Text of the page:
0.2%
     Thermal _____                                     NATURAL GAS 29.2%                                 HYDROPOWER             2.5%
             0.6%
     Radiant _____                                     Uses: heating, manufacturing,                     Uses: electricity
                                                       electricity - includes propane
     What percentage of the
     nation’s energy is provided
                                                       COAL                 14.6%                        WIND                   2.2%
                                                       Uses: electricity,                                Uses: electricity
                                                       manufacturing
                        89.5%
     By nonrenewables? ______
                    10.4%                              URANIUM              8.7%                         SOLAR                  0.6%
     By renewables? ______                                                                               Uses: heating, electricity
                                                       Uses: electricity

                                                       PROPANE          *Propane consumption
                                                                        is included in                   GEOTHERMAL             0.2%
                                                       Uses: heating,   petroleum and natural            Uses: heating, electricity
                                                       manufacturing    gas totals.

                                             **Total does not add up to 100% due to independent rounding.
                                             Data: Energy Information Administration

10                                                       ©2019 The NEED Project   www.NEED.org   Ohio Energy Project   www.ohioenergy.org
Lesson 1B: Measuring Energy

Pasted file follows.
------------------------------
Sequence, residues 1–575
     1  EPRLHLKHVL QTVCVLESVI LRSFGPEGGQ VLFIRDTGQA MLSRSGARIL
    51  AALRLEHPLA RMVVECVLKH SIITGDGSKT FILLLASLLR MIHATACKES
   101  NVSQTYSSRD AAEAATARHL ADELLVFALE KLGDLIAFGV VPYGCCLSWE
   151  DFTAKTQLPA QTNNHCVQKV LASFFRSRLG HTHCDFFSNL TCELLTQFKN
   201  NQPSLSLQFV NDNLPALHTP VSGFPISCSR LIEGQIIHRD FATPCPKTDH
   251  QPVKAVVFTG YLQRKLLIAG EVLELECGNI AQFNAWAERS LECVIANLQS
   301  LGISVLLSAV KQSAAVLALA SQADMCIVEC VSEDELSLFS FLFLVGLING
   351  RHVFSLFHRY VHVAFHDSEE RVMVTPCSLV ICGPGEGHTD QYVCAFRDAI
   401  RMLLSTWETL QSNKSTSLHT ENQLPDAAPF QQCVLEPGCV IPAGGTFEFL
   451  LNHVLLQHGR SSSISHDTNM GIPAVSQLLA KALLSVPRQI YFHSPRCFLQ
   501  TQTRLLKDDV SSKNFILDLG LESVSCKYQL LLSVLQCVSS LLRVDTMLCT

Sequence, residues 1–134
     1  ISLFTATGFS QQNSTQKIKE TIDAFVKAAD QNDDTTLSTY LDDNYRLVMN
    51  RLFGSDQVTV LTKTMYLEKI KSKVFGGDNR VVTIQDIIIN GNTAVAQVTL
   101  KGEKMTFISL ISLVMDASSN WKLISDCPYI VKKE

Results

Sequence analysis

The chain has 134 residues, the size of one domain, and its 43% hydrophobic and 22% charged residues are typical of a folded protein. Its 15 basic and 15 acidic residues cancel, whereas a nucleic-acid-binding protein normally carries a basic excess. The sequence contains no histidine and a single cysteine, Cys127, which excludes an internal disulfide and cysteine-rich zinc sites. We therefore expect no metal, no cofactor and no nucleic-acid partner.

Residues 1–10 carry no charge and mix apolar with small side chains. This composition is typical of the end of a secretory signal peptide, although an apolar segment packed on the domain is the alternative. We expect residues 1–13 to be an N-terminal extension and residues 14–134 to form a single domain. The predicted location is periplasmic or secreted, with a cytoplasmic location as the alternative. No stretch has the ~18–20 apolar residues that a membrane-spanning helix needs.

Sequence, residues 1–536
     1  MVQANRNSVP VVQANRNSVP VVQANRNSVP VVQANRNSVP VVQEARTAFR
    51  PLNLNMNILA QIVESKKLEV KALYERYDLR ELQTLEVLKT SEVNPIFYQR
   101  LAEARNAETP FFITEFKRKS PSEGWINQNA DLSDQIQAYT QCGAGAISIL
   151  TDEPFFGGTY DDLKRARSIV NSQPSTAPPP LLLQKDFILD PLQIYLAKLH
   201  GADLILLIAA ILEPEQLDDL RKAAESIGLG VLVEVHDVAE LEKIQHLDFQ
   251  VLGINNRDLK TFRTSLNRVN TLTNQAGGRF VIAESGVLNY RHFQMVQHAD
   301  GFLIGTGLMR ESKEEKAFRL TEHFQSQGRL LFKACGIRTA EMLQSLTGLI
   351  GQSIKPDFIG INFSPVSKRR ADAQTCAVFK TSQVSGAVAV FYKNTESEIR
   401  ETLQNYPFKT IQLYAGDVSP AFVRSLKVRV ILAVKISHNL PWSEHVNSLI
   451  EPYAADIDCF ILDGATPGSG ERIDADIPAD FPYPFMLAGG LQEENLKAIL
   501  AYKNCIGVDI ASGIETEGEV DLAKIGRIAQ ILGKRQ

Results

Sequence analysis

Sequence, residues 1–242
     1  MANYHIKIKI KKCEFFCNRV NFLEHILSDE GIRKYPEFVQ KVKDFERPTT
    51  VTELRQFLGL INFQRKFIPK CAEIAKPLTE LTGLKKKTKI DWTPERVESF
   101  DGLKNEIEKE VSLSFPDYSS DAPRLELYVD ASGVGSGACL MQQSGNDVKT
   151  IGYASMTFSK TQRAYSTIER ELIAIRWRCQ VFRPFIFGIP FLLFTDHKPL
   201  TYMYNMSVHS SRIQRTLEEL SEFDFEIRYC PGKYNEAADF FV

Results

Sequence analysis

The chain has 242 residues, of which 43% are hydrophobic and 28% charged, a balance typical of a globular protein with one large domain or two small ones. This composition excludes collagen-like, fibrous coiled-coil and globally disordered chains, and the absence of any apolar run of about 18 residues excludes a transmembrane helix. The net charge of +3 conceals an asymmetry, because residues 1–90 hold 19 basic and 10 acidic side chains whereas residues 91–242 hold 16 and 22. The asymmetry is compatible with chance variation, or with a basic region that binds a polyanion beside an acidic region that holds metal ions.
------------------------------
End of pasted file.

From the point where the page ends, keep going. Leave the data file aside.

The following are common terms that pertain to energy. You may recognize a few of these terms and
   formulas as you progress through this guidebook.

            Term                                    Definition                           Formula               Unit
                                                                                      (if applicable)     (if applicable)
    Energy                The ability to do work or produce change.

    Work                  A force causing the movement of an object.               = force x distance Joule
    Power                 The rate at which work is done.                          = work / avg. time Watt

    Mass                  The amount of matter in an object.

    Force                 The push or pull on an object that causes it to          = mass x               Newton
                          accelerate.                                              acceleration
                                                                                   (a=9.81 m/s2)
    Joule                 The amount of energy exerted when a force of one
                          newton is applied over one meter.
    Watt                  Unit of power; one watt is equal to one joule of
                          work done per second.
    Kilowatt              1,000 watts.                                     = watt(s) x 1000

    Kilowatt-hour         The amount of electricity used in one hour.              = kilowatt(s) / # of
                                                                                   hours
    Foot-candle           Measurement of light intensity; the illuminance
                          of one square foot surface from a uniform light
                          source.
    Volt                  Unit of electric potential; often referred to as         = current x
                          a "push" that causes electric charges to move.           resistance
    Ampere                Standard unit of electric current.                       = watts / volts

    Lumen                 The measure of brightness from a light source.